Gorilla vs. Whale
The internet likes animals. And music. And music and animals. I am not particularly surprised. Though the mariachi beluga video meme was one. It appeared within 48 hours of the release of our gorilla video. And went viral.
As interest in the beluga video ballooned on a massive scale, we were totally upstaged. But I’m not complaining. The gorilla video debuted on the Fader, was up on Gorilla vs Bear, and covered by various news outlets in Canada, New York, and Mexico. The alt weekly, Boston Phoenix, wrote an article too “How Grass Widow came to play a concert a small group of great apes.” But let’s be honest. The beluga was more interesting. Because it seemed so unplanned and it probably was. And well, because it was a whale. What’s striking about that beluga video is how expressive he is. Gorillas, even though they are more closely related to us, aren’t expressive with their faces. Unlike chimps, and us, they seem pretty detached most of the time. But they’re not. They just don’t use their faces to express emotion like we do.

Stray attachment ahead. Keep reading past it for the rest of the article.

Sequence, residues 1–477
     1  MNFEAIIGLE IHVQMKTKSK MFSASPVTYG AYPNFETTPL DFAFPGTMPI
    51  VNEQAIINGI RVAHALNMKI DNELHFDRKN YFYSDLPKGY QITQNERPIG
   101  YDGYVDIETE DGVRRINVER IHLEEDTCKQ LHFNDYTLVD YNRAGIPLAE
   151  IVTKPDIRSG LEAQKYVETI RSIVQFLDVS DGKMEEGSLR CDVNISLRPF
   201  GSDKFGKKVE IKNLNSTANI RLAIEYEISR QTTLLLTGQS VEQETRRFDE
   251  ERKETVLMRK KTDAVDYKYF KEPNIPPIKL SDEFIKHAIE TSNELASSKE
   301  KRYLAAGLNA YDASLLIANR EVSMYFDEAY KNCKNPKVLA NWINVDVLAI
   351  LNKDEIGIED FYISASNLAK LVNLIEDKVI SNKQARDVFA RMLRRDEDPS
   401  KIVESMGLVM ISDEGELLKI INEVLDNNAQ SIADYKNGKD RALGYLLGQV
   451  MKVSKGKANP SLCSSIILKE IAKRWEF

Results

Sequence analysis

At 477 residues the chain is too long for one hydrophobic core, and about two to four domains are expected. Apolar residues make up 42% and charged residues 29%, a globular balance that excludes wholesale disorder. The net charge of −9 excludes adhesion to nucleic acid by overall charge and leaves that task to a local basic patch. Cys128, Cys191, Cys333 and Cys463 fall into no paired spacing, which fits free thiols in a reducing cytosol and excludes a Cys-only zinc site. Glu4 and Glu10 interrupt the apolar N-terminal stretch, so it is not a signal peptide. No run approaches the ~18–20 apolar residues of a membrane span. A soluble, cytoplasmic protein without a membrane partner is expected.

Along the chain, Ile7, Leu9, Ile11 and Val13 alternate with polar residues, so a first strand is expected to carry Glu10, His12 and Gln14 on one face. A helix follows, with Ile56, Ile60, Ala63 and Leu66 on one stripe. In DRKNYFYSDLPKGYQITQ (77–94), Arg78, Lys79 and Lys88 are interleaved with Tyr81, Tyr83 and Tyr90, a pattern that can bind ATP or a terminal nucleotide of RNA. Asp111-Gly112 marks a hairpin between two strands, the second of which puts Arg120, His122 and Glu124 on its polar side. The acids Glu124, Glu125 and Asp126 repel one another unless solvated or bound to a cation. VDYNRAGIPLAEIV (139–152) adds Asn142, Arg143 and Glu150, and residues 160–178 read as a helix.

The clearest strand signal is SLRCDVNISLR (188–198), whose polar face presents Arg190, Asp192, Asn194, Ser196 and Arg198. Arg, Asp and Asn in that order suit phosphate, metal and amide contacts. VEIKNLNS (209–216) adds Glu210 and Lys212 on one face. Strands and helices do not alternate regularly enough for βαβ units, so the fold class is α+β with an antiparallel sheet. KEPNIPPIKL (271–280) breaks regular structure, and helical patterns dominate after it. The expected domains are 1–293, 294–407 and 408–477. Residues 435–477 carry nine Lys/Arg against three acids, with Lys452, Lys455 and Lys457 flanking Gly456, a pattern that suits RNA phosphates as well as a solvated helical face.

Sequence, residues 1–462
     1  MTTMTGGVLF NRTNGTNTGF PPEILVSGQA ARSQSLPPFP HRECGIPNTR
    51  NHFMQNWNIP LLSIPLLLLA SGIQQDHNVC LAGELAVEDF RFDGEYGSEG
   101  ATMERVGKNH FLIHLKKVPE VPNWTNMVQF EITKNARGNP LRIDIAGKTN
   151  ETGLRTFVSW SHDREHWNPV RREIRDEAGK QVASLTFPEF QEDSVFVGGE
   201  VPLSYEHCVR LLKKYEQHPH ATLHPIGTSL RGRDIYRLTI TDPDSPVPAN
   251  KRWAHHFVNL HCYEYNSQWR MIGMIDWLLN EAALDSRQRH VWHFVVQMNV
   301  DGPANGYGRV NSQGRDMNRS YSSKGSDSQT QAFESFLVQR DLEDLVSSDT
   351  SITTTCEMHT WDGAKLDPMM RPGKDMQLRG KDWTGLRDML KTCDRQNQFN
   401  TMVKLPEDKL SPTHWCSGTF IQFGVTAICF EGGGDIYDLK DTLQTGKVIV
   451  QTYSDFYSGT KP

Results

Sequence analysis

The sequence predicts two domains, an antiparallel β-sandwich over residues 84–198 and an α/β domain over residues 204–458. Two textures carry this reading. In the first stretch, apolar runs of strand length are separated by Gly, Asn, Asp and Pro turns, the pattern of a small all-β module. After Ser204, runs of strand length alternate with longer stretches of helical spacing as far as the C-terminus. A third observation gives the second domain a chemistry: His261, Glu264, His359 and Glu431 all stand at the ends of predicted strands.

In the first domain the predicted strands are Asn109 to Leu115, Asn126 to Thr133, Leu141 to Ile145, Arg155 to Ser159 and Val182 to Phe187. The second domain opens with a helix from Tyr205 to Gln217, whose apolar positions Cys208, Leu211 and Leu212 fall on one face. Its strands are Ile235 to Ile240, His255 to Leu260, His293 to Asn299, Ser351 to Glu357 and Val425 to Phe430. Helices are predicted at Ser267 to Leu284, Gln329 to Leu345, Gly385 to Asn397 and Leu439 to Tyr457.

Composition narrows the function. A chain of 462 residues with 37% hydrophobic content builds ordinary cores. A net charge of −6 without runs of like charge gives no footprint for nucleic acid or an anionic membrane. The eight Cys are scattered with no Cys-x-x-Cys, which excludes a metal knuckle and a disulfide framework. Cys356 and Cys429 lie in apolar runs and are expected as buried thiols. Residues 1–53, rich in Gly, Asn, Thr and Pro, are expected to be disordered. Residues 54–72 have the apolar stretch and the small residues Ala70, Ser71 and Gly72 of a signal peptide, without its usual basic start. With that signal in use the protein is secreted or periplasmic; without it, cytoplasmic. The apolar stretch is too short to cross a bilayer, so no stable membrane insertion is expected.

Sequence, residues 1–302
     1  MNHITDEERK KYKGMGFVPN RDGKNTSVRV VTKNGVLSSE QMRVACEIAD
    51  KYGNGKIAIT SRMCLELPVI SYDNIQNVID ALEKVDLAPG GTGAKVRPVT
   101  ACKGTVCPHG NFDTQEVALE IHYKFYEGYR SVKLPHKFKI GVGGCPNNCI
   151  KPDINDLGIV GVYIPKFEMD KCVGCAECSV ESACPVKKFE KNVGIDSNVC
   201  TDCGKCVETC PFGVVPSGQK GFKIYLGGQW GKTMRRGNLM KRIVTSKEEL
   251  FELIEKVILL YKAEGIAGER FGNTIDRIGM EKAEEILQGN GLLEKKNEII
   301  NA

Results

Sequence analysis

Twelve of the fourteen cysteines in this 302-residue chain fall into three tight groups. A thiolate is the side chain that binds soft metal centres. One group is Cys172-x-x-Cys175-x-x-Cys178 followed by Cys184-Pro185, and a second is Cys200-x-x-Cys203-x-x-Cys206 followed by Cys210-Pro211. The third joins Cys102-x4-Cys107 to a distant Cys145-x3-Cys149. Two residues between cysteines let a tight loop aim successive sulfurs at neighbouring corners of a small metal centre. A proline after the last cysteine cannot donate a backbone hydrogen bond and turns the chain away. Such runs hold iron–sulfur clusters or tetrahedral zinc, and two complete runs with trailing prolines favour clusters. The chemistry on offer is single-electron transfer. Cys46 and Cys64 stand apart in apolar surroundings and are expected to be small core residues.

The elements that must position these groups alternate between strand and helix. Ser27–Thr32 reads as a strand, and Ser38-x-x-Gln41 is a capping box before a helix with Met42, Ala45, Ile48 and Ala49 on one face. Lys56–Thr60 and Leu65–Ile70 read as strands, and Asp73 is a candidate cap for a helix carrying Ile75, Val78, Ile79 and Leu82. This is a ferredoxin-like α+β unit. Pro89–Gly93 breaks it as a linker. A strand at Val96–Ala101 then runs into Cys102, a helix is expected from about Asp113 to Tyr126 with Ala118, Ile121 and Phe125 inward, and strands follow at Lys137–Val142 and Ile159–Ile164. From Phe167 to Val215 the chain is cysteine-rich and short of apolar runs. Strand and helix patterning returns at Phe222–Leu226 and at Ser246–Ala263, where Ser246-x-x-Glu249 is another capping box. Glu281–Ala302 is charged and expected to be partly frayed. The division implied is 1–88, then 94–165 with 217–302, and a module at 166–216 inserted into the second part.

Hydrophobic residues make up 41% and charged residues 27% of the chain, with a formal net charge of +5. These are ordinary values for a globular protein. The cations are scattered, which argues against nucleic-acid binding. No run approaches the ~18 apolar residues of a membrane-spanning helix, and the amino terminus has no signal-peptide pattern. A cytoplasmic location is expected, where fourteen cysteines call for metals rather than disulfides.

I visited Mystic Aquarium (where the mariachi fan lives) to chat with their head veterinarian and the trainers almost two years ago and they told me that one of the belugas really liked music. Especially harmonica music. I can’t tell from the youtube video if it’s the same whale, but it probably is. He’s been on my mind ever since.
Here’s the thing though. Our video was unplanned and unstaged too. We had no idea how those gorillas would react. And it was supposed to be an experiment. We were going to come back at a later time and shoot a “real” video once we knew what the gorillas liked. We decided to shoot the trial run anyway though. And that is the footage that became the video.
We didn’t plan for Kiki to bring her baby over the glass to show Raven (the guitarist) when the band stopped playing. We didn’t ask Gigi (the older female) to come sit inches away from Hannah (the bass player) for the whole show, alternatively making eye contact with each of us, or bemusedly gazing into the middle distance. And we certainly didn’t expect Kimani to come up and bang on the glass in front of Raven and Lilly (the drummer) and then stare in interest.
The thing that I like about playing shows for other animals is that you have no idea what will happen. For the musicians it’s probably a little like busking on the sidewalk. Except even if you’re great, you’re not going to make any money. And if someone throws something at you, it’s probably not in disgust. Though it might be.